There are plenty of things that we do not enjoy, which provide a valuable function . Ideally we wouldn`t have to deal with such aversive emotions but they often are responsible for altering our physiology ,behaviours and cognitive processes in many advantageous ways.

Perhaps courage should be the goal .

" Courage is resistance to fear, mastery of fear, not absence of fear. "
Mark Twain



All the best onequestion.



posted on Jun, 24 2010 @ 10:42 PM
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reply to post by UmbraSumus
 


I associate fear with death. A means to an end. If the only reason to have fear is because of death, then what are you going to do after you die?



posted on Jun, 24 2010 @ 10:51 PM
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onequestion, we are totally on the same page, and I love it.

I agree with basically all of your threads and posts, and this one is no exception.

-Sol



posted on Jun, 24 2010 @ 11:03 PM
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TOP mantra and life message. I see so many lives wasted due to fear (including my own at times).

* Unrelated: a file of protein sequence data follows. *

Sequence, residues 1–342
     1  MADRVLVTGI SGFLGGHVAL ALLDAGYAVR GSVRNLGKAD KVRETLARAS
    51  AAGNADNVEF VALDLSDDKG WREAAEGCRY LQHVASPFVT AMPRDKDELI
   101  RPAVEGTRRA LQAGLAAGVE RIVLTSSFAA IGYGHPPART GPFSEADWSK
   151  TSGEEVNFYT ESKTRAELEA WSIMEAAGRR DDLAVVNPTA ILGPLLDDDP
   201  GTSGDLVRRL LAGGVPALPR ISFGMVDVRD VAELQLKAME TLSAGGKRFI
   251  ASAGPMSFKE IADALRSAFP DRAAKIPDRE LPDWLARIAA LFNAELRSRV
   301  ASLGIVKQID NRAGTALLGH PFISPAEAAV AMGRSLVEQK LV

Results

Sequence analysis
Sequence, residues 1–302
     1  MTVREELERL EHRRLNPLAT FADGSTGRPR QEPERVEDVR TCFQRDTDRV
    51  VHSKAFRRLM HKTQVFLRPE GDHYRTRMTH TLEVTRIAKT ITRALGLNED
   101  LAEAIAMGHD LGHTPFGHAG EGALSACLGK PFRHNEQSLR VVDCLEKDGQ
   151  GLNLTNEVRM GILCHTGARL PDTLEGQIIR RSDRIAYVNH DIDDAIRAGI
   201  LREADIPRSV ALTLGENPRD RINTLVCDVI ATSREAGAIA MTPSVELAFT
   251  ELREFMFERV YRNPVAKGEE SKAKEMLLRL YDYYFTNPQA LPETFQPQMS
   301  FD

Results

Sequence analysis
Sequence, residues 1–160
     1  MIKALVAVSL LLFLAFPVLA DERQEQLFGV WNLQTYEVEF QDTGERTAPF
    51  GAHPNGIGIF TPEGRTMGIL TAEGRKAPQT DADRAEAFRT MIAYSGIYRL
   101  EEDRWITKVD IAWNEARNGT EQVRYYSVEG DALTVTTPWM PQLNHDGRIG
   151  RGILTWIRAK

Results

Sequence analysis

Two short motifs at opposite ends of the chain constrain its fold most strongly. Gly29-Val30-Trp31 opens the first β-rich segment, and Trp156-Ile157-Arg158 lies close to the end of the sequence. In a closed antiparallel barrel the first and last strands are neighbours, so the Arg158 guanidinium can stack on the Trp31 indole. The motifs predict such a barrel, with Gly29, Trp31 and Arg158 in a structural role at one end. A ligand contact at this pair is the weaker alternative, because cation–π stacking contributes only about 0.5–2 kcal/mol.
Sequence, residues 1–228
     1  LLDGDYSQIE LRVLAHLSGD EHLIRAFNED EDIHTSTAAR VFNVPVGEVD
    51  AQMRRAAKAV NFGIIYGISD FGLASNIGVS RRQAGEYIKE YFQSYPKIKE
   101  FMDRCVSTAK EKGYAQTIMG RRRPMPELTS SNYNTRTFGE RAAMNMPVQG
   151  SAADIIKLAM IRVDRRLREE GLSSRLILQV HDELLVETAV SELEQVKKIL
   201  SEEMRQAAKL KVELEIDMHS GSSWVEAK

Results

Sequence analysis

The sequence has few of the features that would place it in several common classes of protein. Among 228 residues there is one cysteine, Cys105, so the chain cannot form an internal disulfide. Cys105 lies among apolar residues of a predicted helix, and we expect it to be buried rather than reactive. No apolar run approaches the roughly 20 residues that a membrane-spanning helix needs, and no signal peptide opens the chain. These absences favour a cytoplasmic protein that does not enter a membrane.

LIVE FAST DIE YOUNG!

or

HE HOW DARES WINS

take your pick



If only it was so easy! It was when I was 20. but now???????



posted on Jun, 24 2010 @ 11:07 PM
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Good post, I agree fear is a natural instinct that must be conquered, although that is a great challenge. A man who has fear is not weak, he is weak because he does not understand and learn from that fear, allowing him to conquer it. I believe even Buddha once feared. Although his fear may have been rooted in compassion for others, hence his fear of Samsara that led him to search for the path to end the cycle of suffering. I'm not sure you could say he was fearless, but rather he conquered his fear. Here are a few of my fav. quotes about fear:

“Normal fear protects us; abnormal fear paralyses us. Normal fear motivates us to improve our individual and collective welfare; abnormal fear constantly poisons and distorts our inner lives. Our problem is not to be rid of fear but, rather to harness and master it.” MLK

“FEAR is an acronym in the English language for "False Evidence Appearing Real"” N.D. Walsch

“He who is not everyday conquering some fear has not learned the secret of life.” Ralph Emerson

“Courage is not the absence of fear, but rather the judgement that something else is more important than fear.” Ambrose Redmoon

" I learned that courage was not the absence of fear, but the triumph over it. The brave man is not he who does not feel afraid, but he who conquers that fear. " Nelson Mandela

"If you look into your own heart, and you find nothing wrong there, what is there to worry about? What is there to fear? " Confucius